The issue though is, was he actually good at the start of the season?
The first two months of the season, he finished with a 4.77 FIP even though he had a 1.57 ERA. How? Just a .188 BABIP, extremely low, just 5 hits per 9 innings.
But he wasn't striking people out. He'd finish those two months with just a 6.30 K/9, and he was still walking a ton at 5.50 per 9. It was really a tale of two months (in April, he K'd at just a 3.85 rate per 9, but also walked at only a 2.89 rate. But then May came, his K's came back at a 9.17 rate, but so did his walks at a 8.60 rate).
Without a doubt he was overworked last season, and that showed in his regression in the later months. But I'm also willing to say a lot of that was normalization.
His K-rate has gone down every season. His hr-rate has gone up every season. His BB rate went down in '07 compared to '06 (although that's no compliment considering his '06 bb rate was 8.19), but it went up again last year.
Yeah, he K's a lot. But he also gives up a ton of HRs. He also gives up a ton of walks. Both of which shows up in the minors as well.
And for being left handed, he also a 4.64 FIP against left handed batters, barely better than his 4.86 FIP against right handers. While part of that has to do with his huge HR rate against LHB (1.41 HR/9), if we normalize that to the rate to be expected out of him (1 hr/9, or 6 HRs over his career), he still has a 4.14 FIP, well below what an average reliever would do, let alone an average left handed pitcher against a left handed batter.
I mean yeah, his K rates are obscene. He's just 26 years old. He is left handed. My problem is right now, he is set up as the #1 go to left handed pitcher. And that to me is a problem.
I mean, let's look at our bullpen. Out of our 7 pitchers, we have 3 things we have faith in to atleast be around average (Lindstrom, Nunez, Kiko), and 4 that we're worried about (Pinto, Kensing, Meyer, and Penn).
To me, if you only have one left hander in your top 5 bullpen, you want your #6 guy to be left handed, and you're #7 guy is then just a right handed long relief option. And if Pinto was our #6 guy, that'd be great. Let him see if he can work out his stuff there.
But Pinto isn't. He's, what, our #4 at the moment with Kensing #5? That right there is the fault with our bullpen. Kensing is basically in the same boat as Pinto: Bunch of K's, bunch of walks, bunch of HRs, carer FIP of 5.17 with a 4.79 last year, but just 26 years old if he could figure out his control he'd be ace. Put him as the #7 guy and money. Have him as your #5 guy and f***.
Right now we have 4 out of option, high upside former good prospect still young with something to prove players, perfect molds of #6 and #7 guys. The upgrade in the bullpen consists of either two of those breaking out, or replacing two of them. And considering Pinto is arbitration eligible at the end of the season and Kensing will be in his second year of arbitration, and Meyer/Penn still have starting possibilities, they're easily the guys to point to considering how we have to run things.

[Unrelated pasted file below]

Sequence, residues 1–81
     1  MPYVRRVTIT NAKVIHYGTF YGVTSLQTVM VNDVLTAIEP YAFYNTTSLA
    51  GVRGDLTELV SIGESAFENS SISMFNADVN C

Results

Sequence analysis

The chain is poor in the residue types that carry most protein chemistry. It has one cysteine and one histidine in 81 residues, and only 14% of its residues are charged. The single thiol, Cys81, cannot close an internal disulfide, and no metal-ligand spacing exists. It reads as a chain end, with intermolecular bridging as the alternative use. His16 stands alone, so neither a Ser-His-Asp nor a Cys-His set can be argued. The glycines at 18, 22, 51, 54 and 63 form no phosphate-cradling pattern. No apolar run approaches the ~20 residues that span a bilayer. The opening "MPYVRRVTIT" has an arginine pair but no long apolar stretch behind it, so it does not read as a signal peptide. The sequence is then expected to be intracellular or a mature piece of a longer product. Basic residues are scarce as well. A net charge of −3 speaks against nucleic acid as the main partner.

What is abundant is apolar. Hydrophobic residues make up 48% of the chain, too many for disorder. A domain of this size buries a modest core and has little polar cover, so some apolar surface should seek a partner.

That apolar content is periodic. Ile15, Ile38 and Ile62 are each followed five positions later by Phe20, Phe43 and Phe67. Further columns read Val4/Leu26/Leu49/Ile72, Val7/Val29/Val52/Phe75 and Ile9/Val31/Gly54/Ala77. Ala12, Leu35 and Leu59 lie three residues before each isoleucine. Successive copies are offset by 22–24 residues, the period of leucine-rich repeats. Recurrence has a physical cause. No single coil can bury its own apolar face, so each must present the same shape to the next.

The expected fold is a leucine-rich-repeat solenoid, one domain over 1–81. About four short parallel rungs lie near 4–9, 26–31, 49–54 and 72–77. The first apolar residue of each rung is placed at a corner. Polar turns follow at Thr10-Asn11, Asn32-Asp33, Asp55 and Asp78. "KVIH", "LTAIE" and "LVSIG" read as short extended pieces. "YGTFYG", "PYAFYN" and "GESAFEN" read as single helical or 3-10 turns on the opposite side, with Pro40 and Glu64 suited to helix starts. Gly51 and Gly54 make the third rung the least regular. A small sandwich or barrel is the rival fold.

Right now I'm just real pissed we didn't sign Ohman. If things "work out", Proctor is healthy this season and replaces Kensing in late May/early June, or one of Tucker/Ceda/whoever figure it out in AAA. But outside of Tank figuring it back out, we have no LOOGY, anywhere. And we're probably going to have to give up another Gaby Hernandez this year to fix the problem.
I sure as hell hope Pinto (And Kensing) prove me wrong this season but I really don't have much hope.
xFIP is an interesting stat that tries to normalize HR/FB numbers as well as taking park into account. Because of this, it should do a better job of matching future results than FIP does. Basically, it does what I did with the post about Lindstrom's HR rates. League average is 10%, and it's normally in a 8.5-12.5% range. Since, afaik, xFIP doesn't take past history into account, it should be a little off since it likely rates off 10% though not sure. Available at Hardball Times.
Notables from last year:
Bolding for emphasis since a big deal was made out of his FIP by a lot of people, myself included. So kinda ehh to that, never noticed his HR/FB earlier.
Yeah, likely not going to repeat that HR/FB lol. He should still be in the upper-tier of HR/FB though do to his lack of stuff and still be around a 5 FIP.
Like Andrew, I never actually paid attention to his HR/FB, so this basically explains why projections are so hard on Volstad and can't really blame them. But his GB rates should hopefully improve (58% in the minors, just 52.6% in the majors), and his control should improve aswell considering how good it was in the minors. Give him a 58% GB rate (which would be a 0.65 HR/9), a 2.7 BB rate, and a 5.5 K rate, we're talking about a 3.82 FIP, then keeping in mind that FIP is generally over for GB pitchers since it doesn't take other XBHs into account, and yeah, I think we're good here.